For the Nationalists and republicans of these islands I would like to speak directly to the concept of national identity.
I suppose the first thing to say – again- is that it was never the English empire but the British Empire. Each nation, including the Irish nation, took an integral part in the founding, forming and enforcing of the British Empire around the world.
For the British, let us acknowledge that the origin of the name is not, as a Norman scholar once claimed, from Brutus following the fall of Troy, though he was not wide of the mark. British is derived from Britain and Britain in turn is derived from Prydain, one of the kingdoms that occupied the land we now call Wales when the Cymru arrived. So let’s look at the Cymru and ask who are these people? Where did they come from and what was their language? The King yesterday struggled with the Welsh language with barely less fluency than the first minister of the Senedd, his purpose was to achieve a sense of acknowledgement for that ancient people who form such an important part of the United Kingdom.
In early Roman times there was a tribe of people living around the base of what is now Denmark who were called the Cimbri. There is no doubt in my mind that the Cimbri are the same people as the Cymru. They spoke a ‘P-Celtic’ language, which as we shall see is an important factor in the naming of these islands. They colonised the north-east of England by a shirt hop across from Denmark, and spread across the island on the borders of modern Scotland, giving their name to Cumbria (formerly Cumberland). Occupying the Peninsula of Solway they later moved south from there to colonise North Wales in the area called Eryri, the Eagles nest, or Snowdonia, as it is more commonly called. The King who invaded that land had four sons and divided the land he had conquered between them. These indeed were the first Princes of Wales.
The people they conquered they called the Prettani, from which we derive Britain as described above. The Mabinogion, that ancient Welsh collection of folklore, speaks of the kingdom of Ireland, but it is clear this includes the west of modern Wales in that definition. The mines in the Ystwyth valley are pre-Roman.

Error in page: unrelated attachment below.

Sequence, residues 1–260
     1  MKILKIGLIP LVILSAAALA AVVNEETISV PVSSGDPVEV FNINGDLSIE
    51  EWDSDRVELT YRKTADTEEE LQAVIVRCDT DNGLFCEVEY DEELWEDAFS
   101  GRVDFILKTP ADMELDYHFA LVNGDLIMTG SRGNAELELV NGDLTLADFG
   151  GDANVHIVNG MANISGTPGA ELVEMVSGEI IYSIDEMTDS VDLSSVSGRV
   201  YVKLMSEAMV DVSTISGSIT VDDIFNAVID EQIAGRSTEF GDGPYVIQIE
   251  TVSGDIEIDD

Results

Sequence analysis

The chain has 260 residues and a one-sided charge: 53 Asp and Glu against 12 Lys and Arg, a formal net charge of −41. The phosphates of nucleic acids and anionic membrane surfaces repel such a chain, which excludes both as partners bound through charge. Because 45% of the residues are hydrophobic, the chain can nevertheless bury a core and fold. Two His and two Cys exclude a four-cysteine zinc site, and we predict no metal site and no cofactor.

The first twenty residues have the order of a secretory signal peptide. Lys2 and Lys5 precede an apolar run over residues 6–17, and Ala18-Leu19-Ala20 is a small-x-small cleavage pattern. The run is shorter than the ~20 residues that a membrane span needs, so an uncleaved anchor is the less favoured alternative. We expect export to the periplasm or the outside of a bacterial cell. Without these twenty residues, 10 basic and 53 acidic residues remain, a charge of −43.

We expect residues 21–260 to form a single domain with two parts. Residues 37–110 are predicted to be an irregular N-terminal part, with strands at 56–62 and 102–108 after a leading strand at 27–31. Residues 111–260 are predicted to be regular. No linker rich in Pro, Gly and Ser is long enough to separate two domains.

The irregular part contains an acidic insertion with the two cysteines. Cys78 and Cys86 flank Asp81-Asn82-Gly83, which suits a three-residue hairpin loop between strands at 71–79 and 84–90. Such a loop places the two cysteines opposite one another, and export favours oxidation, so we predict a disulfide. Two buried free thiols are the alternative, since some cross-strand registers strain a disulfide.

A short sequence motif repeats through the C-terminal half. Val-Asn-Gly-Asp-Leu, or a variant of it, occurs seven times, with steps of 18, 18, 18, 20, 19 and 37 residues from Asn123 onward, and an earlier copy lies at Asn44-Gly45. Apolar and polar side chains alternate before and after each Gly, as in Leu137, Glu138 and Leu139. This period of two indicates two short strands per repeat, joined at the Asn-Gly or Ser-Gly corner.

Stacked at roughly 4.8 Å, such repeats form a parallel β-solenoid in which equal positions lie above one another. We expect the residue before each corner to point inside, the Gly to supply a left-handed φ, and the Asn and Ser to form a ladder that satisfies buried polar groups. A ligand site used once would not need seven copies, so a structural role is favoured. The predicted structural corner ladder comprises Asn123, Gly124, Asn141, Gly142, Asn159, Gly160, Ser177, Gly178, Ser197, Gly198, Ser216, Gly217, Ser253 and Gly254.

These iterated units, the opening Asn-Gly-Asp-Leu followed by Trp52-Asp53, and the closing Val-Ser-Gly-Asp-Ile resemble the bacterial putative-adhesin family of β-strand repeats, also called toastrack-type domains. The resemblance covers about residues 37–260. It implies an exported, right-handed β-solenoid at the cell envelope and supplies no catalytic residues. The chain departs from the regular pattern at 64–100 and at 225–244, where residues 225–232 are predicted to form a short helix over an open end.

Unlike the Cimbri these people, who called themselves Crettani, were seafarers. They are the remnants of the Minoan empire and had settled these lands long before the Celtic people began their migration eastwards. These people were traders and metal workers and carried their Gods and their crafts with them. The Cerne Abbas Giant is an example of one of their Gods whom we call Herakles, and they clearly called Cernunnos. With the Christianisation of these islands the name was transmuted into a more Christian biased name.
Far from being ‘the original people of this land, the Welsh are, as their Saxon title suggests, ‘Strangers’ here. They are invaders. Many of those who now recognise themselves as Welsh are mistaken in doing so. They are recognisably Pictish in behaviour and origin, but after more than 1700 years of colonisation they have largely lost that identity and replaced it with that of their overlords.
Nor is this situation unique to Wales. Scotland too is dominated by invading Scots, a Gaelic race from Ireland who invaded, at the time of Columba, and eventually defeated, in the 14th Century, the Kingdom of the Picts. The final injustice being that they stole the Palace of Scone, where the Pictish Kings had been crowned for centuries, and used it as their own place of Coronation. It is this stone which was then carried down to Westminster 3 or 4 centuries later to become the Stone on which Queen Elizabeth sat when she was crowned. Mistakenly it was returned to Scotland recently.
But before we leave this re-appraisal of the people of these islands and the appropriation of cultural artefacts by invading people, we should consider also that, at the time of the invading Cymru to these lands, the south of modern Wales was occupied by the Saxons at one end and the Irish (Picts) at the other.